According to the American Veterinary Medical Association, the temperature inside a car on a 70 degrees F day can reach 99 degrees F in twenty minutes. So time is of the essence to free an animal from a locked hot car by breaking in to rescue it, but can you be a Good Samaritan to save the pet’s life without civil liability for damages to the vehicle entered?

The answer is yes, if you live in one of the fourteen states that have laws on the books to protect anyone who takes action to save a life. Arizona, California, Colorado, Connecticut, Florida, Kansas, Louisiana, Massachusetts, Ohio, Oregon, Tennessee, Vermont and Wisconsin all allow any person to break into a car to rescue an animal without being liable for damages; but only if the rescue is done under certain circumstances. Indiana has a similar law in place, but it says that a Good Samaritan would only be liable for half of cost of damage to car in making entry. An initiative to extend the same immunity to Georgia this year passed that state’s Senate, but failed to pass in the House.

The requirements for a rescuer to avoid civil liability for damage to the vehicle generally include 1) determining that the vehicle is locked and there is no reasonable way to enter; 2) having a good faith and reasonable belief that entry is necessary because the animal is in imminent danger of suffering harm; 3) notifying law enforcement before making entry into the vehicle; and 4) remaining nearby the vehicle with the animal until law enforcement arrives.

Fifteen other states (Delaware, Illinois, Maine, Maryland, Minnesota, Nevada, New Hampshire, New York, North Carolina, North Dakota, Pennsylvania, Rhode Island, South Dakota, Virginia and Washington) permit forcible entry by law enforcement and other officers (i.e. firefighters or animal control officers). Additional protection for dogs to prevent them from overheating in cars was recently approved in Illinois. Effective in 2019, the law requires police vehicles for K-9 officers to have a system for monitoring the interior temperature of a police car. Illinois’ new Police Service Dog Protection Act also requires that alerts be made when the interior temperature of the vehicle reaches 85 degrees F.

The laws of each state also vary with respect to what type of animal can be rescued with civil immunity from damages to the vehicle. Some state statutes use the broad term “animal”; some states apply a more limited category of “domestic animal” or “household pet”; while yet others restrict civil immunity to only the rescue of cats and dogs.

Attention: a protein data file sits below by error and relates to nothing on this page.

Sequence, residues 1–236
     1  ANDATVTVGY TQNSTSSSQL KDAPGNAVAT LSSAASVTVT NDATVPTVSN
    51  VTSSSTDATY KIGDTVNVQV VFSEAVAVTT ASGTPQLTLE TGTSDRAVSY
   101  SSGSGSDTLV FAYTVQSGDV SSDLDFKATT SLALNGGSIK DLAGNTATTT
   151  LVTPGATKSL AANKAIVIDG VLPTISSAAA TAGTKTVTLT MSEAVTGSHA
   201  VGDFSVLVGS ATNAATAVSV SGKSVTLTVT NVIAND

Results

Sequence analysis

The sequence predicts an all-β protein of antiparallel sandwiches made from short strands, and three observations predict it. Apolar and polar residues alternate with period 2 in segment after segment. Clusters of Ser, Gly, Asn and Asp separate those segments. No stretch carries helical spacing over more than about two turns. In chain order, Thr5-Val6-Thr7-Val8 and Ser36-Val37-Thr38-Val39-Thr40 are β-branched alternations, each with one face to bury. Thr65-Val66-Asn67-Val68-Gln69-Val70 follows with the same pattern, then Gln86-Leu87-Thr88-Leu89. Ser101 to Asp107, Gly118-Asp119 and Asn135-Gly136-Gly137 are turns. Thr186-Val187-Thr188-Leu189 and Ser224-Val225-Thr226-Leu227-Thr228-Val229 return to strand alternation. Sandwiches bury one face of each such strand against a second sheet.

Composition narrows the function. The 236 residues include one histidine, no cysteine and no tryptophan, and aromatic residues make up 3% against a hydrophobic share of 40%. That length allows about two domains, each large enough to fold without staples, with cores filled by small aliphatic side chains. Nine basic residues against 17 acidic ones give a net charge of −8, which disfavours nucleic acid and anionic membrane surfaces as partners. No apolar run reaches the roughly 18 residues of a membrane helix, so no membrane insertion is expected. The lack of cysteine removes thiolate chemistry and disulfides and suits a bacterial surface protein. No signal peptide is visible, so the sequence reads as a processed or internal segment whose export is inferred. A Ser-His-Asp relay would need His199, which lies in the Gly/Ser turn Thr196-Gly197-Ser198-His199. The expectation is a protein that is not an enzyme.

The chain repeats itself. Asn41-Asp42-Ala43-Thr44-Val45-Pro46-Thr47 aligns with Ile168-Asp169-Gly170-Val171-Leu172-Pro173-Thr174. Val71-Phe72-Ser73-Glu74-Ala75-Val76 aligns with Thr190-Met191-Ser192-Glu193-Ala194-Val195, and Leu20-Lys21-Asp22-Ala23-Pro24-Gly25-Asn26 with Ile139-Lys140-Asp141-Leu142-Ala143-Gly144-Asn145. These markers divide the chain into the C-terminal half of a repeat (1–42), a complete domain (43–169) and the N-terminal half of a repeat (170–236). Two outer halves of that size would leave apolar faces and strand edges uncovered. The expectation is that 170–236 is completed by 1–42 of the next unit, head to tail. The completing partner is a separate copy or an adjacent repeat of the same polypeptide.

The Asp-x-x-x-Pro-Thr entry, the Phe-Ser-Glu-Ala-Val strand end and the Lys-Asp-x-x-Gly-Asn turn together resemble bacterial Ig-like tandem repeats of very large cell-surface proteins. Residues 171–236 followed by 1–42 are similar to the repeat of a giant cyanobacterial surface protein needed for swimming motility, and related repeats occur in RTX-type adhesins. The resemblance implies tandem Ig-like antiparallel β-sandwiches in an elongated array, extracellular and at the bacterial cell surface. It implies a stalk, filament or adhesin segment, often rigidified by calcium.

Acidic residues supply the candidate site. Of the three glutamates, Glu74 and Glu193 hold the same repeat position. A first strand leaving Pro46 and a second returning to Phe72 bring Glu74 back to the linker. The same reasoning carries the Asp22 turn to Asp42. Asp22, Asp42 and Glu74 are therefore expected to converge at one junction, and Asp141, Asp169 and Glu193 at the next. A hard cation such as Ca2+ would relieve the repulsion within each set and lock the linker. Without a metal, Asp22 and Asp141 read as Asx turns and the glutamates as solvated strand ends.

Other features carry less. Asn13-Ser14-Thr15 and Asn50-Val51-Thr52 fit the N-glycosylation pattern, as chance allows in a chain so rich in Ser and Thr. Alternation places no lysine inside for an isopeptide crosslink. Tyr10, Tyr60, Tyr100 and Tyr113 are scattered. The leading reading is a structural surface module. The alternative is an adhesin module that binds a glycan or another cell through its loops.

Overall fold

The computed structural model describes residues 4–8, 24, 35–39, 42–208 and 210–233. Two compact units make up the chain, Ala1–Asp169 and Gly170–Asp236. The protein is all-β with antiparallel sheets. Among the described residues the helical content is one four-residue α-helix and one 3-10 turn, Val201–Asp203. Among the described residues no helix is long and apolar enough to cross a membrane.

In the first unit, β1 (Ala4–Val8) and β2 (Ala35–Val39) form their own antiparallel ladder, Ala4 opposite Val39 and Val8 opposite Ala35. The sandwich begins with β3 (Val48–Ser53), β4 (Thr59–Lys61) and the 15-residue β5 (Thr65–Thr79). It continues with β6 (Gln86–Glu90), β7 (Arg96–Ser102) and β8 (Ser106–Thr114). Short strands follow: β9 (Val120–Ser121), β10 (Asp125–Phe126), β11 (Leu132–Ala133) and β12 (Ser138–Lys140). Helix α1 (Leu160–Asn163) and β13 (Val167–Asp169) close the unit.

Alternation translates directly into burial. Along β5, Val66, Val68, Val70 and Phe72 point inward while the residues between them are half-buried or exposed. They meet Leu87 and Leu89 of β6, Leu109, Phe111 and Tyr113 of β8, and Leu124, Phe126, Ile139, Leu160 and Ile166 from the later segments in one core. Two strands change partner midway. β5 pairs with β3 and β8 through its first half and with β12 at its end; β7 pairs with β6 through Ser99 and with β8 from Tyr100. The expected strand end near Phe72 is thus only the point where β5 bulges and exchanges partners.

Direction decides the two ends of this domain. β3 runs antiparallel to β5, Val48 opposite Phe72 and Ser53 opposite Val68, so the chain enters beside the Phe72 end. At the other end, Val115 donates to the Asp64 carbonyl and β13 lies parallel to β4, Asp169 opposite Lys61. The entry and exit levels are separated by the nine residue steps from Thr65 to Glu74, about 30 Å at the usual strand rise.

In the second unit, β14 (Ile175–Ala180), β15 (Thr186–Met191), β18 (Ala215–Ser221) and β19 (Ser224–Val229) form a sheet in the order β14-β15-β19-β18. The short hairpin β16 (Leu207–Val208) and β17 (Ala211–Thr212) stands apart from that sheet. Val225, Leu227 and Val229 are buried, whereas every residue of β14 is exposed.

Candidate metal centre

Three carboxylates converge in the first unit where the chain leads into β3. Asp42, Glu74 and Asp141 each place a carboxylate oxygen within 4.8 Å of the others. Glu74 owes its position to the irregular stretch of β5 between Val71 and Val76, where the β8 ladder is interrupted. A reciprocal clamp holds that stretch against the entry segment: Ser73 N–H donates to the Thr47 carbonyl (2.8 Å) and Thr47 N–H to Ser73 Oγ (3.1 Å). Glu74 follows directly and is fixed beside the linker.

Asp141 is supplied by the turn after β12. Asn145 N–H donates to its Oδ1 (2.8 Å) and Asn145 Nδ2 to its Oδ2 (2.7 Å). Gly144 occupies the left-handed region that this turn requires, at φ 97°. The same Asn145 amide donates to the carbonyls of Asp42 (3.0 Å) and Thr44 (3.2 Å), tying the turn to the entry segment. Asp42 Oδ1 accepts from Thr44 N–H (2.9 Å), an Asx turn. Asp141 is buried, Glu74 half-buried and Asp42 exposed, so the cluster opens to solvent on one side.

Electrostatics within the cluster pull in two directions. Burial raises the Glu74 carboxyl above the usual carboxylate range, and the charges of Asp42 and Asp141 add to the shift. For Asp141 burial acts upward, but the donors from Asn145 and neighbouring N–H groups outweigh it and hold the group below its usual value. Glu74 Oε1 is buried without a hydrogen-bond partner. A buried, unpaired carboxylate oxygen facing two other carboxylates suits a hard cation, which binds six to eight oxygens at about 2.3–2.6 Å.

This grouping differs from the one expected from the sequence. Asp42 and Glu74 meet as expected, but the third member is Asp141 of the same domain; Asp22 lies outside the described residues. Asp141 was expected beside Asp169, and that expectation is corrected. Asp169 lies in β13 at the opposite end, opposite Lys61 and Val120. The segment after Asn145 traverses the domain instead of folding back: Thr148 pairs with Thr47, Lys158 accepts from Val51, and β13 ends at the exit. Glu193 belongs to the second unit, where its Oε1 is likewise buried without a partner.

Check your state’s law to confirm who is allowed make forcible entry (anyone, or only certain officials?); under what circumstances entry can be made; and which types of animals can be rescued to confirm if a civil immunity exemption from liability for damages is available to a Good Samaritan.

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Elaine Marie

I’m a licensed patent attorney and partner at Flener IP & Business Law LLC in Chicago, Illinois.

As a horse owner and avid equestrian, I’m a passionate advocate for animal owners; particularly horse owners. I’m dedicated to the advancement of the equestrian way of life and have participated in regional, county and local comprehensive planning processes as an adviser to ensure that land use options that allow horse keeping are not overlooked.  As an elected representative to my Village, I gained local government experience.

I have the ability to dissect complex issues aided by a strong scientific and legal background. On a pro bono basis, I have drafted four bills which became Illinois state laws; and successfully advocated for passage of bills I authored as well as several other new Illinois pro-equine owner laws.  And I led a local award-winning public-private partnership effort to raise funds for a horse trailer parking lot to support additional public bridle trails in her area, including preparation of successful grant applications to help fund the $200,000 project. 

My horse-related articles can be found in the Midwest Equestrian magazine.